Chi-Raq

ChiraqPosterNo movie this year is as bold-faced opinionated and timely of a political statement as Spike Lee’s “Chi-Raq.” That’s because movies are rarely this topical, this aggressive or this urgent. The film is littered with names of African Americans the media has been shouting for months, it has numerous hashtag ready catch phrases, it stops the film for a sermon that is essentially a vicious op-ed, and it declares up front that “This is an EMERGENCY” in giant, flashing red letters.

And yet Lee’s film, easily his best in over a decade, is captivating and harrowing because it is so entertaining. “Chi-Raq’s” message of peace and love lingers in the memory because it’s told in rhyming verse, because it has glamorous musical numbers and because the dialogue has more words for sex than you can count. The film’s humor, color and energy don’t make light of a bad situation; it helps make the movie sing and sting.

Lee draws his source material from the Ancient Greek play by Aristophanes “Lysistrata,” in which women of the Spartan warriors refuse sex for their husbands until they put an end to the war and bloodshed. In modern day Chicago, homicides from gang related violence have killed more since 9/11 than the casualties of Americans in Afghanistan or Iraq. Lee uses the South Side and two rival gangs, the Spartans and Trojans, as a backdrop for how the women of Chi-Raq stage a sex strike (“No Peace, No Pussy”, they declare) to end the killings.

But drawing from “Lysistrata” isn’t just a happy accident or a cute framing mechanism to introduce sex into the story. Women in this film become the catalyst for change, and Lee’s use of this play reframes the conversation on gun violence to include gender and sexuality. The film barks that people are dying everyday, “and you want to talk about how women behave?”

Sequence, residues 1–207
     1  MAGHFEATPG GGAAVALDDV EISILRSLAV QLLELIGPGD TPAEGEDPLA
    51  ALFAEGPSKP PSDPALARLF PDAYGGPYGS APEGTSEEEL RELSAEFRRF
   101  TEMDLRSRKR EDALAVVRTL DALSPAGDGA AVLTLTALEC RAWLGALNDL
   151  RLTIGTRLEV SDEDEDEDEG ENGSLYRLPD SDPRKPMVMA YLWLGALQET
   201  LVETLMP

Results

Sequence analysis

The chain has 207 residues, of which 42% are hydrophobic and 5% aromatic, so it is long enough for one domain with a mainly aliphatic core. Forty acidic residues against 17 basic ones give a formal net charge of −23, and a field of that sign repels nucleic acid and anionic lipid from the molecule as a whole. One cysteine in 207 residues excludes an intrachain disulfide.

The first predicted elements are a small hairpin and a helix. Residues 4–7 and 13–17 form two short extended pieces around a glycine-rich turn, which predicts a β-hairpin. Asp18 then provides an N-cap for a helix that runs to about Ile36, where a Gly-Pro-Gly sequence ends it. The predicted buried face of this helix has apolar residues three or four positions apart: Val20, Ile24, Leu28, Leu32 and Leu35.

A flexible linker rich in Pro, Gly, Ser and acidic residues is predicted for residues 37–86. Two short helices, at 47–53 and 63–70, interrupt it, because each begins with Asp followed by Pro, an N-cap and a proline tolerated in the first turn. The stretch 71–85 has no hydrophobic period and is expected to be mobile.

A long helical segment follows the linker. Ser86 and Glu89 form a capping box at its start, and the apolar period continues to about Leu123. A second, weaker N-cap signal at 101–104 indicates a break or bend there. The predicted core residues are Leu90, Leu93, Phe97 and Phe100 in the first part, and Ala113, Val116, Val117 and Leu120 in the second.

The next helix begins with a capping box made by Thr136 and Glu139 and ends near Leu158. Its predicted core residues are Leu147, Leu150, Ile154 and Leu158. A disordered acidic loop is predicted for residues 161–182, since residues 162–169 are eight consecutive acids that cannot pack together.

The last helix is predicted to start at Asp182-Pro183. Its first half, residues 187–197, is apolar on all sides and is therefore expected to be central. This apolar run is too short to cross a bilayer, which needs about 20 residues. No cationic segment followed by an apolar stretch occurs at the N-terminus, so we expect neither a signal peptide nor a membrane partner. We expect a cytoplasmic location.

Lysistrata (Teyonah Parris) is the girlfriend to the rising rapper and Spartan gang-leader Chi-raq (Nick Cannon), and after a local mother (Jennifer Hudson) begins searching for the killer of her young daughter, Lysistrata stumbles across a successful sex strike in Africa and rallies Spartan and Trojan women to organize and do the same. She leads everyone in a pledge, and they use their sexuality as a weapon, but without killing anyone. In a hilarious and outrageous move they capture a local armory and both force peace talks and rally women around the country and world.

Lee’s politics are relevant on a national stage, but “Chi-Raq” is effective in part because it is localized to these Chicago neighborhoods. The film is highly specific and captures a stark reality that people familiar with watching WGN 9 news will be all too familiar with. Lee even gets inside the culture and color of both this Greek chorus and community. Lysistrata’s outfits alone are worth putting down your guns for, starting in a tight purple cami and ragged cut-off jean shorts before transforming into sexy camo fatigues to show that this really is war.

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Samuel L. Jackson is the film’s eloquent and well-versed narrator Dolmedes. His ass was on the first Wheaties box, as he puts it, and Lee sets the tone beautifully by opening the film by freeze-framing it. Dolmedes stands on a stage and halts the chanting crowd behind him in order to explain the film’s Greek tragedy origins and their intention to rhyme everything. One more stat about homicides is like white noise at this point, but when Lysistrata says the men in this city just live by the “bang-bang”, you remember it.

“Chi-Raq” has some incredible set pieces. In one a man wearing Confederate Flag underpants rides a big black cannon and figuratively makes love to his gun. And to end the film Lysistrata and Chi-Raq partake in a sexual showdown broadcast live. But the one that sums up the film best is a sermon given by one of the film’s few white characters, Father Mike Corridan (Chicago local John Cusack). Less a sermon and more a fiery op-ed and call to action, Father Corridan screams repeatedly that “You will not murder our children” and that what’s happening in this city is “self-inflicted genocide.” His words stop the film’s plot in its tracks and boldly assert all of Lee’s politics. It’s bloody, it’s messy, but damn if it’s emotional and devastating.

“Chi-Raq” is as rebellious and invigorating as Lee’s “Do the Right Thing” was in 1989, and as scarily relevant and poignant as “25th Hour” was in 2002’s Post 9/11 New York. But this time he’s taken root in my city, and this truly is an emergency.

4 stars

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